African governments blamed on fugitives

KIGALI - One year after the Rwandan government appealed to the international community to apprehend and try or extradite to Rwanda wanted Genocide fugitives, African nations have done little, according to Prosecutor General’s Office.

KIGALI - One year after the Rwandan government appealed to the international community to apprehend and try or extradite to Rwanda wanted Genocide fugitives, African nations have done little, according to Prosecutor General’s Office.

The call was made in July last year through the Ministry of Foreign Affairs which presented a list of 93 indicted Genocide suspects to members of the diplomatic corps.

“We have got some positive reaction from European countries after the publication of the list but no single African country has made any arrest or even sent judicial officials to look for some information on the fugitives,” John Bosco Mutangana, the prosecution spokesman said in an exclusive interview yesterday.

He is also the head of a taskforce put in place by the Office of the Prosecutor General to track 1994 Genocide fugitives. Some of the countries that made arrests following the appeal are the United Kingdom, the Netherlands, Denmark, Finland and Canada.

France arrested two key fugitives – Roman Catholic Father Wenceslas Munyeshyaka and former prefect Laurent Bucyibaruta – but later released them on bail on grounds that their arrest warrants were not well prepared.

“Others sent judicial officers to make preliminary investigations including the United States and New Zealand,” added Mutangana.

According to prosecution, no arrest of Genocide fugitives has been made by any African country for nearly a decade now even when most of the wanted fugitives are believed to be living on the continent.

Besides Kigali, the UN-sponsored International Criminal Tribunal for Rwanda (ICTR), based in Arusha, Tanzania and the International Police (Interpol) have urged countries to apprehend the suspects.

Mutangana said that there are some African countries that have been turned into dens of genocidaires giving an example of Southern African states where fugitives move freely. He said some of these wanted criminals go about their business ventures unrestrained, while others are in various professional careers.

“For insistence in Mozambique; we issued eight indictments containing details of the fugitives including their physical addresses but it is almost four months and no action has been taken.”

He said that a number of suspected masterminds of the Genocide move freely from the Democratic Republic of Congo, Mozambique, Malawi or Zambia where they run their businesses.

Available information indicates that those fugitives have established businesses in those countries. Last year, one Callixte Gakwaya who was working as a defense attorney at ICTR was arrested in Tanzania on Genocide charges but skipped bail and flew to Mozambique. 

“We are aware that Rwanda does not have extradition treaties with most of those countries but the government should champion special arrangements like memorandums of understanding between Rwanda and those countries to secure the arrests,” Mutangana added. He said:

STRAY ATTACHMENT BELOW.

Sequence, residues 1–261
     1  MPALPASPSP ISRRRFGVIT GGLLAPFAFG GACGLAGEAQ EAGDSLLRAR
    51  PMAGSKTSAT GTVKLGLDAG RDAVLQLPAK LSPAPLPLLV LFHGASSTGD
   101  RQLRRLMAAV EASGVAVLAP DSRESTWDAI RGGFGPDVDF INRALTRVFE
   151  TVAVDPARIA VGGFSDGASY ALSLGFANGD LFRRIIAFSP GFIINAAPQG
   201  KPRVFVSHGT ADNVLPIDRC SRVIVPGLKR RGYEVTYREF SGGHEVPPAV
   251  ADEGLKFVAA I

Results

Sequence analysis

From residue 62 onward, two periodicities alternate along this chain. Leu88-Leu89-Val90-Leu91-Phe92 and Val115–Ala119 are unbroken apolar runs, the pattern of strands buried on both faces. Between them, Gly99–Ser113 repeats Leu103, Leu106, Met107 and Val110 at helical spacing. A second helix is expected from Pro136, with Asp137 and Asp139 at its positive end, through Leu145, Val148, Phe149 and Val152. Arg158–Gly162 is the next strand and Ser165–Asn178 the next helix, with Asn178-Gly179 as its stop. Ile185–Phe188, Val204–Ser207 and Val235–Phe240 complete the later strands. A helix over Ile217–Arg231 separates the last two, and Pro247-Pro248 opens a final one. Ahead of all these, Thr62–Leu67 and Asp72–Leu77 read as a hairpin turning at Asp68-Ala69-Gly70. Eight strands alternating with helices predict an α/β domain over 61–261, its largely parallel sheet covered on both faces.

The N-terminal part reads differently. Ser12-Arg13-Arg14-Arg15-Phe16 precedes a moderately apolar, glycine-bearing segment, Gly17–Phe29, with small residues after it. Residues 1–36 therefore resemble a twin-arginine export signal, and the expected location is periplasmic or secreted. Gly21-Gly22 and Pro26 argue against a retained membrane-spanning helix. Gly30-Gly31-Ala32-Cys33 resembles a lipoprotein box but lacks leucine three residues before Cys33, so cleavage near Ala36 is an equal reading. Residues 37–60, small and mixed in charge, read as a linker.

“Rwanda does not have any extradition treaty with the UK but a memorandum of understanding was signed and extradition is in process.”

Four fugitives were arrested in UK earlier this year and the hearing for their possible extradition is expected to resume next month. Foreign Affairs minister Dr Charles Murigande, said that African countries have to some degree been cooperative. 

“The fact that no arrest has been made since last year’s call is not surprising because those states cannot start picking people by roadside with no charges leveled against them,” Murigande said yesterday.

He said that for Mozambique, the files were sent and both countries are in talks to have the wanted fugitives extradited, adding that the only impediment was lack of an extradition treaty between the two countries.

He said that Murigande said that countries like Cameroon, Senegal, Mali, Congo Brazzaville, and Kenya have been cooperative in this regard. 

But prosecutor Mutangana said: What we normally do with such people is to channel their indictments through Interpol which in turn places those people on red notice. This has worked in Europe because Finland arrested Francois Bazaramba in reaction to the red notice. We didn’t know where he was at the time we wrote his indictment.”

And Justice minister Tharcisse Karugarama said that the reason Rwanda does not have extradition treaties with many countries is because ‘by nature, these treaties are reciprocal’.

“Normally countries expect something in return.

They expect you to have fugitives running away from their jurisdiction and unfortunately, Rwanda needs to have such treaties with all the countries since Rwandan fugitives are many in different countries. That is the problem we are facing,” he said.

Last month Rwanda repealed death penalty from her legal books, a move that is expected to encourage many countries to extradite wanted Genocide suspects to stand trial in Rwandan courts of law.

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